Martinique's Carnival Embraces Inner Beauty, Mourning & Free Vibes

I traded hearts for devil ears this Valentine's Day. 

Unlike other Carnival festivals, where images of Rihanna bejeweled in feather goddess like bra outfits flood Instagram during the winter months, Martinique's traditional celebrations are a bit different. They encourage cross- dressing in the best way possible! This year I clocked out of the anxiety of Valentine’s day and dressing like a girl, to experience what it’s like when an entire culture does their own thing. In the spirit of women’s month and trading hearts for sweet red devils, here’s why Martinique's festival is defined by gender cross-dressing, girls dress as dudes and vice-versa.


Let me tell you how relieved I was to witness not a red heart in sight or leading up to Valentine’s Day in Fort de France, the capital of the Caribbean island of Martinique. While people on my timeline feed were being struck with cupid’s arrow of single alone time followed by a month of women’s issues,  the entire island iconically celebrates with a festival representing the season of change. They party off everything in one’s life that no longer serves a purpose and now that I write this, February and March sounds a bit contradictory when we think about all this women’s emancipation to stereotypes that have been utterly exhausting to deal with. This is why I had to escape the "love and empowerment trauma" and go to a place that surpasses these notions.   


Martinique’s Carnival tradition dates back during slavery times (the 1900s) when it was the most fun slaves could have all year. It started at the end of January, during harvest, lasting a few weeks to celebrate the end of a hard season in the sugarcanes. What started as a harmless, fun party to take their mind off of slavery ( which started with Napoleon) continued for decades even after Martiniquais were free.  Today, Carnival consists of group takeovers of the entire downtown area, dressed in some serious gender-bending, Instagram worthy, masculine drag-like outfits.


My experience started out with partaking in The Mock Weddings which marks Day 1 of the last days to party. The colorful uniform of the day calls for men to dress like women. There's really no history as to when it started but the same time each year people get creative with reenacting funny bridegrooms. Men are literally eager to parade around town in tutus and fishnets, beads and other provocative accessories.

On day 2, everyone shows out their finest Red Devil costumes for Fat Tuesday or The Red Devils Parade. As an initiation to walk in the parade with Spot Evasion, I went through hours of preparation guided by a dude in a red tutu who was working It started with getting my makeup down like a little island girl devil which took like an hour. Then the grandpa of the parade spit some solid knowledge about the history of the parade and how it traces back to Africa. Just to make it clear, the "red devil" theme has nothing to do with religion. Red Devils mean abundance, richness, and change. Red Devils have a connection to Senegal, where the famous poet Aime Cesaire once visited and witnessed an entire village celebrate the red devils with adorned animal skin masks and horns like in Martinique. After hearing about the deep history, I still wasn't sold on rocking a baggy red jumpsuit. I looked like a character from Mario Kart. The oversized jumpsuit wasn't sexy at all. In fact, there were men dressed more seductive than me. Two hours in the costume, I felt empowered marching along the street, carrying my homemade pitchfork. Days before,  I had this idea I needed to be half naked and chosen hours before Valentine's day to get the perfect 'gram, but in reality, I was just as happy dancing in the rain alongside young thugger look alikes.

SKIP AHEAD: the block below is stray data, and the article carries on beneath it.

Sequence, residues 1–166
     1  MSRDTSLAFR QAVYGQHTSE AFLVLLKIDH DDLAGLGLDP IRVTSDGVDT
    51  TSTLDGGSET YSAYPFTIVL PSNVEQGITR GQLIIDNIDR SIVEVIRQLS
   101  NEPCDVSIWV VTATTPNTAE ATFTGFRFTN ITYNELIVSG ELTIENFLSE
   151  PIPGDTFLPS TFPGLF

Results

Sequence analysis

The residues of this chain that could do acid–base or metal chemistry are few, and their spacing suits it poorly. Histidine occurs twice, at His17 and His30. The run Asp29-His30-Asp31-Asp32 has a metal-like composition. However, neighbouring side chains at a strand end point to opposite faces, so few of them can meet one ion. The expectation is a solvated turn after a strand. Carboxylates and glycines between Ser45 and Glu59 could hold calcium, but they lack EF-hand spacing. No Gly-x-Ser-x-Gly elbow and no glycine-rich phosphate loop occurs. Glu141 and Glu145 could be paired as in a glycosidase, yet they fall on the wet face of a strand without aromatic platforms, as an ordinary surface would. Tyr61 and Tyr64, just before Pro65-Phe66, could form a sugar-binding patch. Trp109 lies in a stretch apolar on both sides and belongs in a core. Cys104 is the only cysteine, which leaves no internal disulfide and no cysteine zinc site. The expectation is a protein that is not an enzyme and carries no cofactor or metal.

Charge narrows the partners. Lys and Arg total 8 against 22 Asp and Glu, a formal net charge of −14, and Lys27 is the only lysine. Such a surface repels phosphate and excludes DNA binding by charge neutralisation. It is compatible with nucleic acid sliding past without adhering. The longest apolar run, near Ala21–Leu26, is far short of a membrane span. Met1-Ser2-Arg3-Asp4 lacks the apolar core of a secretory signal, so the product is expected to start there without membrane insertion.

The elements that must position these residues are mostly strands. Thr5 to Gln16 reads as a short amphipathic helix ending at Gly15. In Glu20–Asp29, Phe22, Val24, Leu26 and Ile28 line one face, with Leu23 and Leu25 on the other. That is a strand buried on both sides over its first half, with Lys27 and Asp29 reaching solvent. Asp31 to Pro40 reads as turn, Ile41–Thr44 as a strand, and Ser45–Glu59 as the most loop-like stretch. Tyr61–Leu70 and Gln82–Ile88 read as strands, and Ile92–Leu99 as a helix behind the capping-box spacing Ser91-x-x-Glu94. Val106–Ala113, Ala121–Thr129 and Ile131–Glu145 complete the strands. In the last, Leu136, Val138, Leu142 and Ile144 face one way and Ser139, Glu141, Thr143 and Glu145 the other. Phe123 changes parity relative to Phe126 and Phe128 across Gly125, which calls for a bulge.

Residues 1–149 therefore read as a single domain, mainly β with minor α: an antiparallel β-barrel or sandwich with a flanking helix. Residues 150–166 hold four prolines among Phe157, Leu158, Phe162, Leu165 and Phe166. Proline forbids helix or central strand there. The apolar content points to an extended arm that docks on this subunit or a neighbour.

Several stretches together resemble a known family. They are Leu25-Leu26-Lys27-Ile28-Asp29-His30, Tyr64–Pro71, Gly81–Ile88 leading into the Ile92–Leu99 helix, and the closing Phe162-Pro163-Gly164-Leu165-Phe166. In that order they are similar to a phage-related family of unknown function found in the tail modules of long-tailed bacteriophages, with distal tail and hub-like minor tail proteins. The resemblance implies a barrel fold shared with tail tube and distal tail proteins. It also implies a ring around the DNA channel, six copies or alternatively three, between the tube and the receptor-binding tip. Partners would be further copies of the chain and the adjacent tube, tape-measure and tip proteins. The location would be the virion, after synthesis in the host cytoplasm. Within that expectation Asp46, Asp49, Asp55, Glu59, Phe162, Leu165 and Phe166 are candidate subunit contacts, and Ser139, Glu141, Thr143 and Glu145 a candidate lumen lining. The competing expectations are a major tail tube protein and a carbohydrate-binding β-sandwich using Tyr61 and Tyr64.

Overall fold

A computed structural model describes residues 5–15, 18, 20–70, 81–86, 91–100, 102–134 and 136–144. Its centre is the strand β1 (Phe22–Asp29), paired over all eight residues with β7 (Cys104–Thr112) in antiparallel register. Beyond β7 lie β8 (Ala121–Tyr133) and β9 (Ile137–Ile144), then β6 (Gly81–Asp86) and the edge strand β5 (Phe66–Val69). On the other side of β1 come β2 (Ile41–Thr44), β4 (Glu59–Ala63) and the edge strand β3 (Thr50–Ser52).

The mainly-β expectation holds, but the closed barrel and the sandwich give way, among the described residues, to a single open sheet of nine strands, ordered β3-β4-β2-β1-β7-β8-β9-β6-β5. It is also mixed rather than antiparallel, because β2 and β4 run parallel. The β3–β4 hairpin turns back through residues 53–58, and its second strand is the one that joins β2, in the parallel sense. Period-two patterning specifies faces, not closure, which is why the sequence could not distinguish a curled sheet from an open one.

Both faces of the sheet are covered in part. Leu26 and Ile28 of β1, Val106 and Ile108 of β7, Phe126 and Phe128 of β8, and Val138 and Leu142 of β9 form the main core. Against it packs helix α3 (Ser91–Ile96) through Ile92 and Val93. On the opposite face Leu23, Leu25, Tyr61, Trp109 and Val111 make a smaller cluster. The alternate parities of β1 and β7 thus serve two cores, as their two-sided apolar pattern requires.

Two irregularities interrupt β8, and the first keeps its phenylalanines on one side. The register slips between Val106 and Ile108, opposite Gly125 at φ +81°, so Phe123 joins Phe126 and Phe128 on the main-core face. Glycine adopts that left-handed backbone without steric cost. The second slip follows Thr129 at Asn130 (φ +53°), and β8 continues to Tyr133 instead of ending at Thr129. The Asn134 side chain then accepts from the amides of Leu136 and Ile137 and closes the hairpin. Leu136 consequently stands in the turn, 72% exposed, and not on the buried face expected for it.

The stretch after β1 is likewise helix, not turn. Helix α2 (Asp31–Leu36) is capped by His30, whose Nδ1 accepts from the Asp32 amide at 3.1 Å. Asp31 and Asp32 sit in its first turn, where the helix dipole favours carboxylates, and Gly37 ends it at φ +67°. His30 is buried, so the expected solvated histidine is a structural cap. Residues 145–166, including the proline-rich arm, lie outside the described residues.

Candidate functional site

Finally, on day 3, the Martinique community is supposed to mourn the burning of Vaval, by wearing black and white costumes when the bridegrooms from day 1 hysterically march in tears. This is when I got to wear my all white, which I like to think I channeled black beach barbie. This was also the first time I looked super girly!  The town kept in character as droves of people flooded the streets one last time to party. By nightfall, the streets were filled with marching bands, trucks blasting dancehall music as girls dutty whined casually and decorative cars carrying super ghetto fabulous gangs, the kind that look gangsta in tutus and fishnets and ski masks.



Carnival brings outs some pretty trippy personalities and keeping to the mourning of vaval (the king of carnival), people marched on in serious faces, even the kids! It’s like a colorful day party that doesn’t stop until the morning, and to be honest, this is the only way to escape the buzz kill of Valentine’s day. Men in tutus gave me a new perspective on what it means to be attractive and confident. The amount of cross-body Nine West purses, fishnet tights worn by shirtless guys wearing ski masks was enough to keep staring at the fashion and join them. Check out scenes from Martinique 2018 Carnival.

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Of course, I felt weird putting on a jumpsuit to march in a parade. Apparently the feather outfits are a Brazilian tradition, but in the end, I felt a part of the culture and empowered enough to not give a f*ck about what I looked like even if it was for a day.